|Writing a C compiler in Java/Jython email@example.com (2001-06-07)|
|Re: Writing a C compiler in Java/Jython firstname.lastname@example.org (2001-06-08)|
|Re: Writing a C compiler in Java/Jython email@example.com (2001-06-10)|
|Re: Writing a C compiler in Java/Jython firstname.lastname@example.org (walter) (2001-06-10)|
|Re: Writing a C compiler in Java/Jython email@example.com (2001-06-14)|
|Date:||10 Jun 2001 22:48:53 -0400|
|Organization:||Excite@Home - The Leader in Broadband http://home.com/faster|
|Posted-Date:||10 Jun 2001 22:48:53 EDT|
In order to successfully compile C, the reality is that by the time
you add up all the lines of code in the headers, etc., you can wind up
with a million lines of code to compile. To do this in a reasonable
time frame means that the implementation language you choose needs to
have a well implemented, highly optimizing compiler.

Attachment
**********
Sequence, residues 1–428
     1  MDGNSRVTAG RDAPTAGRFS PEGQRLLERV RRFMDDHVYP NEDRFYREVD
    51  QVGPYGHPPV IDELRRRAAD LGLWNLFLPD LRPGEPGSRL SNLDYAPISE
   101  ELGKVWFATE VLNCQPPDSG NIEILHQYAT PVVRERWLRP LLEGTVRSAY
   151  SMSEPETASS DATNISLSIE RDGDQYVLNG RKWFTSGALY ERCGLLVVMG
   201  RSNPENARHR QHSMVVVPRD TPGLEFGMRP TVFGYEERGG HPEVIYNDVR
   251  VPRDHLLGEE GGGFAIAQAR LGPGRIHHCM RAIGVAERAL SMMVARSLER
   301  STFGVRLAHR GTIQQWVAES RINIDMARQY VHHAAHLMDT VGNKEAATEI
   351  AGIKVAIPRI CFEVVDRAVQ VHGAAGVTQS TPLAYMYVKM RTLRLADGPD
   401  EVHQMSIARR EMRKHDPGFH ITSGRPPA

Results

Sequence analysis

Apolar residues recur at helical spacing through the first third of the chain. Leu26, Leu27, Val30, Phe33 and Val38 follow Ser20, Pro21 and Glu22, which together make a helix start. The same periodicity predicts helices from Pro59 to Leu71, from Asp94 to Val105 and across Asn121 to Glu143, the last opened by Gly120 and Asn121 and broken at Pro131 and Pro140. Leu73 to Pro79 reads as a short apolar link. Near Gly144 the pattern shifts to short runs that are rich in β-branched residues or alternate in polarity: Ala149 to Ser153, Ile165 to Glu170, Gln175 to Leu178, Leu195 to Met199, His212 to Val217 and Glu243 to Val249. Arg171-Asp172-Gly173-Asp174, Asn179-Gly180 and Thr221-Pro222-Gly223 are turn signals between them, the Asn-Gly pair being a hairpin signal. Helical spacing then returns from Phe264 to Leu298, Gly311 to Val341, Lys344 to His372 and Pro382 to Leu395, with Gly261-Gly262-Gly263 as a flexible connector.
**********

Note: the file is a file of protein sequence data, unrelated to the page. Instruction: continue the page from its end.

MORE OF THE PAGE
Frankly, C and C++ will likely be your best choice, as the most
attention has been made by compiler vendors to generate quality code.
Python is fine for writing short programs, but for writing large
programs you need to have it compiled and you need it to be typesafe,
otherwise you spend too much time chasing typo bugs.
The implementation language doesn't need to be garbage collected. You
can just use a mark/release storage allocator, which is extremely fast
and works well compiling C.
For intermediate code that's suitable for optimization, using triples
or quads works well. They also work well for register allocation,
graph analysis, code motion, etc. Using binary trees can be clunky
because it's hard to do code motion with them. Generating stack
machine intermediate code makes optimization *really* hard <g>.
www.digitalmars.com Free C/C++ compilers
Arun Sharma wrote
>I wanted some opinions from people who might have attempted this in
>the past: Writing a C compiler in Java. Also, would using a scripting
>language like python (specifically the jython implementation of the
>language) have any advantages in writing optimization algorithms ?
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